Welcome to modern day sindonology.
Personally, I prefer no-nonsense feet-on-the-ground hypothesis-testing science, aided by lashings of, wait for it, plain down-to-earth common sense.
Start of original posting:
Thibault’s Principle: “No scorch produced by pressing a heated template onto linen can hope to match the subtlety of the Shroud image, either at the macroscopic or microscopic level.”
I suppose it should be called Heimburger’s Principle. It’s Thibault Heimburger MD. But let’s keep this informal if we can.
In fact, he didn’t state it in those precise words, but it is implicit in everything he said, and probably what John Jackson said, whom he quotes. Here’s a flavour:
“In other words, even with a less than 1 millimeter high relief, either the relief has the right color and the neighboring areas have no color either the neighboring areas have the right color and the relief is much too colored.”
And as I say: Thibault then looks to John Jackson for support with this:
“This problem of contrast has already been discovered by Jackson.”
I have briefly discussed Jackson’s work on a previous occasion, and declared my admiration for what he achieved, whilst having reservations on a number of grounds. But it is not his work that is in the frame today, but Thibault’s. Today I concentrate on the macroscopic aspects of the Thibault Principle (the microscopic ones will follow later),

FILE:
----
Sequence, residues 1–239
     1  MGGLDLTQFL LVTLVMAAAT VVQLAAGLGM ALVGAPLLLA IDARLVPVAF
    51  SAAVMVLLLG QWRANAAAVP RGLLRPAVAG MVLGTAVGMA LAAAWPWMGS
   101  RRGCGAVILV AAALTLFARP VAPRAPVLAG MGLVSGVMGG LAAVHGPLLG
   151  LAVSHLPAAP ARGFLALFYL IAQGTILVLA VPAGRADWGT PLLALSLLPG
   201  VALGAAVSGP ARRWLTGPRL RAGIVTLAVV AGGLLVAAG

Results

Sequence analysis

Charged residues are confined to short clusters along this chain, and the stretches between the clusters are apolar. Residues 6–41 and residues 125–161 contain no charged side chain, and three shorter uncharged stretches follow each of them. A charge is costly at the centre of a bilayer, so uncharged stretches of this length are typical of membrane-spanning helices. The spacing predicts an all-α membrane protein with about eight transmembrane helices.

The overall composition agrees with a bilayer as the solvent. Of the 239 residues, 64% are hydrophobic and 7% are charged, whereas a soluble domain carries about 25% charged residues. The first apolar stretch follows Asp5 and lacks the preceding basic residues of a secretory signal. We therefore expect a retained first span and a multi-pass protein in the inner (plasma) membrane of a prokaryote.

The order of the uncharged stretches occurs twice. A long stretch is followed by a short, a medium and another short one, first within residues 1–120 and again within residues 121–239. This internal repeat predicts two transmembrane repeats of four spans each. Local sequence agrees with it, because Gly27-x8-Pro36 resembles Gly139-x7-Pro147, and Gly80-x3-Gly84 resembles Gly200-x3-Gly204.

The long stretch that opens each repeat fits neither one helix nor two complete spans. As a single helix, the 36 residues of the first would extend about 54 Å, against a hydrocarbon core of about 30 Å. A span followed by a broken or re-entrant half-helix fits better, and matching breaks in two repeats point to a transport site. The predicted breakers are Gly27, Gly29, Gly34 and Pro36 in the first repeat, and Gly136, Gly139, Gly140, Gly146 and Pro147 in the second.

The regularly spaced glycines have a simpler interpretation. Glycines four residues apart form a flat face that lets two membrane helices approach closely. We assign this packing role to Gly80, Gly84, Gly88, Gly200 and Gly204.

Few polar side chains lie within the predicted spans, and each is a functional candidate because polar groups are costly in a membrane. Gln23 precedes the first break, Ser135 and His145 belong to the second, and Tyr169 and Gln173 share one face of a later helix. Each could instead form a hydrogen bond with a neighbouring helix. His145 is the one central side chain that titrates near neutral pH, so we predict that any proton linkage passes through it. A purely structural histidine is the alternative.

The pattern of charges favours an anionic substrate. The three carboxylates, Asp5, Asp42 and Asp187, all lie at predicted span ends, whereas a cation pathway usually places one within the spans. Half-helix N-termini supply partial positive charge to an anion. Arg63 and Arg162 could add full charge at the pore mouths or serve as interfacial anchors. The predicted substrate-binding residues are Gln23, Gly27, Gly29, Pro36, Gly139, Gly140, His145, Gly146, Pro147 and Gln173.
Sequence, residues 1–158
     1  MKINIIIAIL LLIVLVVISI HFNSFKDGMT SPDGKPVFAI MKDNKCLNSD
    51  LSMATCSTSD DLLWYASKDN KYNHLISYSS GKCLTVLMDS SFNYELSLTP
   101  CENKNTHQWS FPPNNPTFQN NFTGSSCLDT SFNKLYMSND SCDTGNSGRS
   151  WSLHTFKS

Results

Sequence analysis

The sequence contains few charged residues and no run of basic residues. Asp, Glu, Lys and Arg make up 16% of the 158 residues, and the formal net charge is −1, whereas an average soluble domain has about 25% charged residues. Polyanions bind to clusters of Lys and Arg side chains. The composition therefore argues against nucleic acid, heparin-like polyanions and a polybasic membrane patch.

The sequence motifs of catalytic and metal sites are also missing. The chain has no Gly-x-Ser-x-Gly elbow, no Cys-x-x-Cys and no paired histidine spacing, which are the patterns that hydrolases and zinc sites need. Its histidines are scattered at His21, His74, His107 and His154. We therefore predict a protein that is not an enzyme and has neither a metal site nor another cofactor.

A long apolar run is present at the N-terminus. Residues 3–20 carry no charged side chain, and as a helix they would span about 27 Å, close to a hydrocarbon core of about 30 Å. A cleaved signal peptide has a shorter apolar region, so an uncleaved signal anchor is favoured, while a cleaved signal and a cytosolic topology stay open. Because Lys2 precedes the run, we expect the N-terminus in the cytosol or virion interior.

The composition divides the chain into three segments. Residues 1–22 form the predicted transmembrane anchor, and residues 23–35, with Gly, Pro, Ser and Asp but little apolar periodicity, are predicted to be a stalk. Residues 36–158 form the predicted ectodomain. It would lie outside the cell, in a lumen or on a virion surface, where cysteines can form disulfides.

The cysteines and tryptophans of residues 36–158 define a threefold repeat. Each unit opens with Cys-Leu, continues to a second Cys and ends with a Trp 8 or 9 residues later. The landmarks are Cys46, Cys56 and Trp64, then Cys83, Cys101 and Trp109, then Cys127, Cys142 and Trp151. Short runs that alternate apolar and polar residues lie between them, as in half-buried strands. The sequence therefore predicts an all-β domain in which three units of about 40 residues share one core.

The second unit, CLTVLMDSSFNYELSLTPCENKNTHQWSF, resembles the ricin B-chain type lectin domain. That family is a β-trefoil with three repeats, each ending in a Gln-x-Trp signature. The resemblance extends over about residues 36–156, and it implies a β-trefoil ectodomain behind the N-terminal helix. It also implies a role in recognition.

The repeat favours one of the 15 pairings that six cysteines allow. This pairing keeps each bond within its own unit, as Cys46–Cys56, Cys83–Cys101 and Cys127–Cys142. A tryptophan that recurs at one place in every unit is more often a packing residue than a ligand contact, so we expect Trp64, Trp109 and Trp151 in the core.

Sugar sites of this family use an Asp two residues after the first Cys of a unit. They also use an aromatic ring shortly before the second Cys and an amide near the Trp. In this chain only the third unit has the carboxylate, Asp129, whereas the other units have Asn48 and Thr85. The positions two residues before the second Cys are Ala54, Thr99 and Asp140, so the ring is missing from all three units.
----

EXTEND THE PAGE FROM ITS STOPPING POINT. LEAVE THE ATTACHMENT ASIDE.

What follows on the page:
They say a picture is worth a thousand words. Well, here’s a few pictures that convey why I think the Thibault Principle as enunciated above is irrelevant to the Shroud image, due to use of an inappropriate template that by no stretch of the imagination could be described as ‘bas-relief’ relevant to the human form. Yes, I’m all in favour of simplified models that hone down to essentials, eliminating as much superfluous detail as possible, but a flat chunk of metal that is virtually right angles and slots is simply not ‘fit-for-purpose’. Sorry to have to be so frank, Thibault, but “nul points” re your choice of template, and nul points to any and all conclusions based on that choice,
Now this is what I call a proper template – a BAS-RELIEF – with a complex mix of vertical and horizontal planes, many of them neither completely one or the other, ie. the metal makes contact with linen at a whole range of angles between 0 and 90 degrees to the normal.
More to come, but I hope folk will see that as far as the macroscopic level is concerned , Thibault’s Principle has failed to put in an appearance in my experiments, and would not have in his either if he had made a sensible and appropriate choice of template. Given that he cites Jackson’s work, and looks to him for support, then why did he not take a leaf from Jackson’s book and choose a proper BAS-RELIEF template?
The trickier party of responding to Thibault is yet to come, i.e. in addressing the comparison between the Shroud image and model scorches at the microscopic level. All I would say for the moment is that one is not comparing like with like, age-wise, and allowance must be made in one case for wear and tear. The Shroud image probably looked very different centuries ago – both to the unaided eye and under the microscope.
I shall now take a break for a day or two, while, as I say, reserving the right to edit this somewhat hastily-assembled post…
Postscript: the crucial aspect re templates and imprinting is that subtle factor of frontal v. vertical plane of presentation. Imagine for a moment you had some linen spread over a sand bed, or some other underlay designed to get best contact between heated template and linen. (I’ve switched from using sand to a few layers of thick fabric). Imagine one had a small cube or sphere of soft metal that could be hammered into any shape one desired.